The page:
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THE CONSENSUS among a wide range of experts is that a repeat of the mid-1980s liability insurance crisis is unlikely.
We agree and, as we report in a special package that begins on page 1, there are several reasons that make the commercial insurance market very different than 25 years ago, when rates soared and coverage was impossible to obtain at any price in some cases.
For starters, badly burned insurers and reinsurers increased their scrutiny of the risks they underwrite. Less prevalent are practices such as cash-flow underwriting in which rates charged had little, if any, correlation to the risk being insured. Such insurers focused solely on how much investment income could be generated from premiums.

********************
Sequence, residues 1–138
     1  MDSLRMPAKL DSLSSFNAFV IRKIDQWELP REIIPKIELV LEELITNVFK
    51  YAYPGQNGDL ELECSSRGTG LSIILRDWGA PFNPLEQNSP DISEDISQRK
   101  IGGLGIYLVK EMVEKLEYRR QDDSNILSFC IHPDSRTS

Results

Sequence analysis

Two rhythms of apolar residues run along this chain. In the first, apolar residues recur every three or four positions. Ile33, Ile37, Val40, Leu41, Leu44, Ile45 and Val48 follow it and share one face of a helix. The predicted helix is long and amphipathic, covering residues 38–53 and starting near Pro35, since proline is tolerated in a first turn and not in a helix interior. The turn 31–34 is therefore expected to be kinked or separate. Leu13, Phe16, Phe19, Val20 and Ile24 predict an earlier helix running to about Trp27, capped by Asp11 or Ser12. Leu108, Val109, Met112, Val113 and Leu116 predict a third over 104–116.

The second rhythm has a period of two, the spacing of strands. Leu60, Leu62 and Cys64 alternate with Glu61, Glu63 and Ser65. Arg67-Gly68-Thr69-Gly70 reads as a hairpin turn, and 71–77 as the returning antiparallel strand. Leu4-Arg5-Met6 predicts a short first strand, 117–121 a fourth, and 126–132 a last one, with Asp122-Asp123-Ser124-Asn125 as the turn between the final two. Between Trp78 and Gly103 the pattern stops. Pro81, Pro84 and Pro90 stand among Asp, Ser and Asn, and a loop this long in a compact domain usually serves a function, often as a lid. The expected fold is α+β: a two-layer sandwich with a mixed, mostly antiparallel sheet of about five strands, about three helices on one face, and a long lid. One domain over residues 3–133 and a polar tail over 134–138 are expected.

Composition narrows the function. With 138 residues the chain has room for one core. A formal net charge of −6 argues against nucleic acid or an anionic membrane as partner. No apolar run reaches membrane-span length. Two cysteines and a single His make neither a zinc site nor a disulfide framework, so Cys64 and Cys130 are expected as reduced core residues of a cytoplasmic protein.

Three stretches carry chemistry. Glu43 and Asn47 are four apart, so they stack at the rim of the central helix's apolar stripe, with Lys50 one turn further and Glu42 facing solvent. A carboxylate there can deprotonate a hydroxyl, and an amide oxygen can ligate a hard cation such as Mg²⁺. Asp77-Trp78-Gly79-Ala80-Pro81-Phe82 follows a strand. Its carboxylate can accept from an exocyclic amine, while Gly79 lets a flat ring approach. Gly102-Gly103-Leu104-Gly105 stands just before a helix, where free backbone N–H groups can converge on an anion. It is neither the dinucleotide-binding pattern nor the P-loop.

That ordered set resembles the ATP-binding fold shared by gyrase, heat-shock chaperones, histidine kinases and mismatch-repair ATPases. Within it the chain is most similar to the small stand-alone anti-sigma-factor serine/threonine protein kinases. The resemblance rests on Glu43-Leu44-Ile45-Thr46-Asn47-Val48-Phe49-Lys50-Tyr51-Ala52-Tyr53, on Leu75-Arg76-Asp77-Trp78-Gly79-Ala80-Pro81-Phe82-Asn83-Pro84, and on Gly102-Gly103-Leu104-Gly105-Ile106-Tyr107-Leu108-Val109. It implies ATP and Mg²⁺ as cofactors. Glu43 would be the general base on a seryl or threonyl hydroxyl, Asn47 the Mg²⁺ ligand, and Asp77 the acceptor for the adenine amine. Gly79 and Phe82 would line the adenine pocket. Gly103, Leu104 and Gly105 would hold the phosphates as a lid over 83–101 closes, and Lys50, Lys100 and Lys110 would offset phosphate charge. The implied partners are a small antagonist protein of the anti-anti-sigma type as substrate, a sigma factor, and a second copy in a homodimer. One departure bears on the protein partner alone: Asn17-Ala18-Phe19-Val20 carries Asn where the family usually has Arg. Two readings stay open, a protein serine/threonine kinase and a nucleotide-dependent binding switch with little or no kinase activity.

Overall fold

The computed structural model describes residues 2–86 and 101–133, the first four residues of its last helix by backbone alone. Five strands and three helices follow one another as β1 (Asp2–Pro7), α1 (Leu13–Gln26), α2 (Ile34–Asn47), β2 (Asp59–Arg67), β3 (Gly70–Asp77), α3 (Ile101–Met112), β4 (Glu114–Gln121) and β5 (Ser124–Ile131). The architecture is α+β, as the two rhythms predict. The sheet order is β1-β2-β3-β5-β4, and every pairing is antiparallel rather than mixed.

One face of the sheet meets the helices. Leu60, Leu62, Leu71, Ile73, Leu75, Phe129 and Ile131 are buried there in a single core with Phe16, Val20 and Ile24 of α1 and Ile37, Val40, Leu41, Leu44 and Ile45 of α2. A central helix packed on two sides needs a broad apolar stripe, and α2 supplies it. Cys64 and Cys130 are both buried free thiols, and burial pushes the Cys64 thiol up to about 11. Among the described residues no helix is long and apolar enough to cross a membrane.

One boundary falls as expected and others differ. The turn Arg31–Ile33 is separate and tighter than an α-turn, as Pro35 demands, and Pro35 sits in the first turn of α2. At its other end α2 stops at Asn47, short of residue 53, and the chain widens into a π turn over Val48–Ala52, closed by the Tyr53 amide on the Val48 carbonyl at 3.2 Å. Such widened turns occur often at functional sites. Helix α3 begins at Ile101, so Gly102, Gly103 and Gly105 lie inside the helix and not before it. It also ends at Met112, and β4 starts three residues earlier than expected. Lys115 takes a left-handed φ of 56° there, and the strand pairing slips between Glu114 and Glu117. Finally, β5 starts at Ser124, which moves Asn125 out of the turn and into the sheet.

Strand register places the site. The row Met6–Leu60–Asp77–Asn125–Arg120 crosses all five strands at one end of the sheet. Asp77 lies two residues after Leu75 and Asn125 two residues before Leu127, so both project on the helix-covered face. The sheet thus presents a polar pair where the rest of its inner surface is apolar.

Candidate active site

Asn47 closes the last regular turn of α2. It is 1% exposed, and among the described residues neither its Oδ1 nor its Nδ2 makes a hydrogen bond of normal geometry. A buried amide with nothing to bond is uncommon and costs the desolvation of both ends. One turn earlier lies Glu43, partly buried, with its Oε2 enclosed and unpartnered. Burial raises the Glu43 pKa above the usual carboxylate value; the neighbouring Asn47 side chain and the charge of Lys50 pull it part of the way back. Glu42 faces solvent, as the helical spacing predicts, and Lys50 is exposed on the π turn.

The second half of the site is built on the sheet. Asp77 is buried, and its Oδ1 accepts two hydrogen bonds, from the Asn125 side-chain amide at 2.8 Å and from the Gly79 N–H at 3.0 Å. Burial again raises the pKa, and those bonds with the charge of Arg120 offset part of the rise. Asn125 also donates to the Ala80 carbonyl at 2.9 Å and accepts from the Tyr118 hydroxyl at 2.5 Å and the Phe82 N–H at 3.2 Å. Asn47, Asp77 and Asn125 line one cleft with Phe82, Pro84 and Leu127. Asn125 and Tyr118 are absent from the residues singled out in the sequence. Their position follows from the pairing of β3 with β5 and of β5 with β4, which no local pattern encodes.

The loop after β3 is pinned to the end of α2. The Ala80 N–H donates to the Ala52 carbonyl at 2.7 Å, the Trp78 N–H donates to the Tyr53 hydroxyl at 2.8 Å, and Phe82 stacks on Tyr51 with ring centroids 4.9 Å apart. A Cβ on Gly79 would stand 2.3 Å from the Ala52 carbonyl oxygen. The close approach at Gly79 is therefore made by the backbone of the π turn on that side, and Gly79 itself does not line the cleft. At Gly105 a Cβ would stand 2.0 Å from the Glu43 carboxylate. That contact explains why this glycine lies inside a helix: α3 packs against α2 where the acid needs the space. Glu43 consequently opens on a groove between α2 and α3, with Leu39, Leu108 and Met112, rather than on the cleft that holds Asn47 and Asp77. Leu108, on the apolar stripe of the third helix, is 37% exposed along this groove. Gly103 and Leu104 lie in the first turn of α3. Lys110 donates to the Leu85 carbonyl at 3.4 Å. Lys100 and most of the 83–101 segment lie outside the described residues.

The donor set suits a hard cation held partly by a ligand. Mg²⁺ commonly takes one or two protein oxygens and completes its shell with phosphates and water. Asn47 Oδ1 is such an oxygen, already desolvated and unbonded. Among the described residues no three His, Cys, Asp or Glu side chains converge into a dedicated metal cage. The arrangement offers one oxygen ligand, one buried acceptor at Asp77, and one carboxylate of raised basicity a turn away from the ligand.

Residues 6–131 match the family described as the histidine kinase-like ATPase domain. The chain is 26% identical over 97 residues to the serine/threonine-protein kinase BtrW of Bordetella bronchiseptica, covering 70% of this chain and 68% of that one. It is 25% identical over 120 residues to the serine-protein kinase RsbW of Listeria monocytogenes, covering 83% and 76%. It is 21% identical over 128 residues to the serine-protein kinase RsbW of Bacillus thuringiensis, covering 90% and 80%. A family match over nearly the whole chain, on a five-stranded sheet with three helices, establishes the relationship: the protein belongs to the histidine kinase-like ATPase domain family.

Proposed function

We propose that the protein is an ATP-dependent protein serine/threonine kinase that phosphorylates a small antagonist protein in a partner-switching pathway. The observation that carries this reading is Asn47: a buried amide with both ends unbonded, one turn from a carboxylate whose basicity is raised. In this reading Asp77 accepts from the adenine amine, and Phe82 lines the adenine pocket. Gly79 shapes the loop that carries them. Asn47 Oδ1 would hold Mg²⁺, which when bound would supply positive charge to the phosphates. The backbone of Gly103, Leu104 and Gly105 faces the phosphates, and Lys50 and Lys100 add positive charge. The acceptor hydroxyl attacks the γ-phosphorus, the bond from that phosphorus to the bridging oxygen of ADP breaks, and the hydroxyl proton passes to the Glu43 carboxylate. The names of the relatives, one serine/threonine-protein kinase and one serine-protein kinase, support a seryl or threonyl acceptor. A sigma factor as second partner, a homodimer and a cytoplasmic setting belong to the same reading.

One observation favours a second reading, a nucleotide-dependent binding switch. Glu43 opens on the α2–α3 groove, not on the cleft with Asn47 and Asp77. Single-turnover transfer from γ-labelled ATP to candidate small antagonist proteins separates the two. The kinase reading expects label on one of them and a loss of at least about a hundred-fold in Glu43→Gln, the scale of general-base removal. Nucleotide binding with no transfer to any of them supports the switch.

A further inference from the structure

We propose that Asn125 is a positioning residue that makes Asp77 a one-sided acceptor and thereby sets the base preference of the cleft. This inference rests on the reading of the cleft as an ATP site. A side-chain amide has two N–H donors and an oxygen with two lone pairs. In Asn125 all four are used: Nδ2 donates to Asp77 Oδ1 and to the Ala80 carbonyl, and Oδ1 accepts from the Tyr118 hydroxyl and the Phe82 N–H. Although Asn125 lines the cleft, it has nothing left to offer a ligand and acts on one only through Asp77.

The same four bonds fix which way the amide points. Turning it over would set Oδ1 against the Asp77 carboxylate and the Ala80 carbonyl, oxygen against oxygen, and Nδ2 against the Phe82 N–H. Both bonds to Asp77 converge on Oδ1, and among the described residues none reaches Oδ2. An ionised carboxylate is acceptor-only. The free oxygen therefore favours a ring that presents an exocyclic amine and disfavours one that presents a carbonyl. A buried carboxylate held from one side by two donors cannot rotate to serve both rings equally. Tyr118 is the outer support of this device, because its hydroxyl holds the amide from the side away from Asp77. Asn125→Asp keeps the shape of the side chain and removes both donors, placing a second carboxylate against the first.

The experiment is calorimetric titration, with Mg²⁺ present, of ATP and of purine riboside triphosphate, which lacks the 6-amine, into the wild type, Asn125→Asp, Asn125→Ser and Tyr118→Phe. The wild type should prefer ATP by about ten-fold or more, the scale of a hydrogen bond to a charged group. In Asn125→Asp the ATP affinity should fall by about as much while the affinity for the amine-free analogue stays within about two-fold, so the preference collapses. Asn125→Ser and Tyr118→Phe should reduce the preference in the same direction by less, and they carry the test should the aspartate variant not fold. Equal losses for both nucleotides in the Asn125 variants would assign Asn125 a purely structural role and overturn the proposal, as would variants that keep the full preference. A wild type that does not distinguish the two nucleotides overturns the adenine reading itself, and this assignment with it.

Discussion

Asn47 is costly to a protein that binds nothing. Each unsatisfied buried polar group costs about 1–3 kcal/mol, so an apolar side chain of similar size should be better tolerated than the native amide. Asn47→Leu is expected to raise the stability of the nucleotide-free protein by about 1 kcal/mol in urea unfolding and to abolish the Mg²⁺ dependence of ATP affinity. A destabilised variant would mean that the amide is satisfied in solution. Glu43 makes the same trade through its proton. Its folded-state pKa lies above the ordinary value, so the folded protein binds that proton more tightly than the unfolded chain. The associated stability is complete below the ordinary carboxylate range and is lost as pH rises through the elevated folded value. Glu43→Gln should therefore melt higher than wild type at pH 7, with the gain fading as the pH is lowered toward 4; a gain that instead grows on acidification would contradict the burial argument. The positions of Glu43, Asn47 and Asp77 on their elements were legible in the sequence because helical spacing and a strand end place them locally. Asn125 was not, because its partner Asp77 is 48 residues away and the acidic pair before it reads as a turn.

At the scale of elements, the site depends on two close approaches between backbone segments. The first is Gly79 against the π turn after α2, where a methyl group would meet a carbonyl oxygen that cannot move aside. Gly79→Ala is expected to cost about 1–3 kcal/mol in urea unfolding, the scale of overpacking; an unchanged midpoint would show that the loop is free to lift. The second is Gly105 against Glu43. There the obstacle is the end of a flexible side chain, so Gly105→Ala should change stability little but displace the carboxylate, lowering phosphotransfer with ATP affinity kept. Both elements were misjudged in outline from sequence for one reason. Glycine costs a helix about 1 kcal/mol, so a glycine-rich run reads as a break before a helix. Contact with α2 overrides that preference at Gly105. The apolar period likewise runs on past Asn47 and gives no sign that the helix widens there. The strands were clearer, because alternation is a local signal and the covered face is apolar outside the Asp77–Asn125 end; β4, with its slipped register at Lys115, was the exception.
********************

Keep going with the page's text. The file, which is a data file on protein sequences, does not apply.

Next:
The folly became obvious when investment income earned on rock-bottom premiums didn't come close to covering losses. Buyers subsequently paid for insurers' irresponsibility in the form of huge rate hikes. Some insurers paid an even higher price: They failed.
Buyers also learned some lessons. Many formed policyholder-owned insurers, with the aid of brokers. These insurers relied less on reinsurance and concentrated on their own underwriting practices.
Buyers used their collective muscle to win changes in law, making it easier for them to launch captive insurers, injecting more competition and capital into the market. In some markets, such alternatives have grown so large and command such a significant share of the market that they no longer can be considered alternatives.
For those badly burned 25 years ago, there is consolation that the crisis truly led to vital, long-lasting market reforms.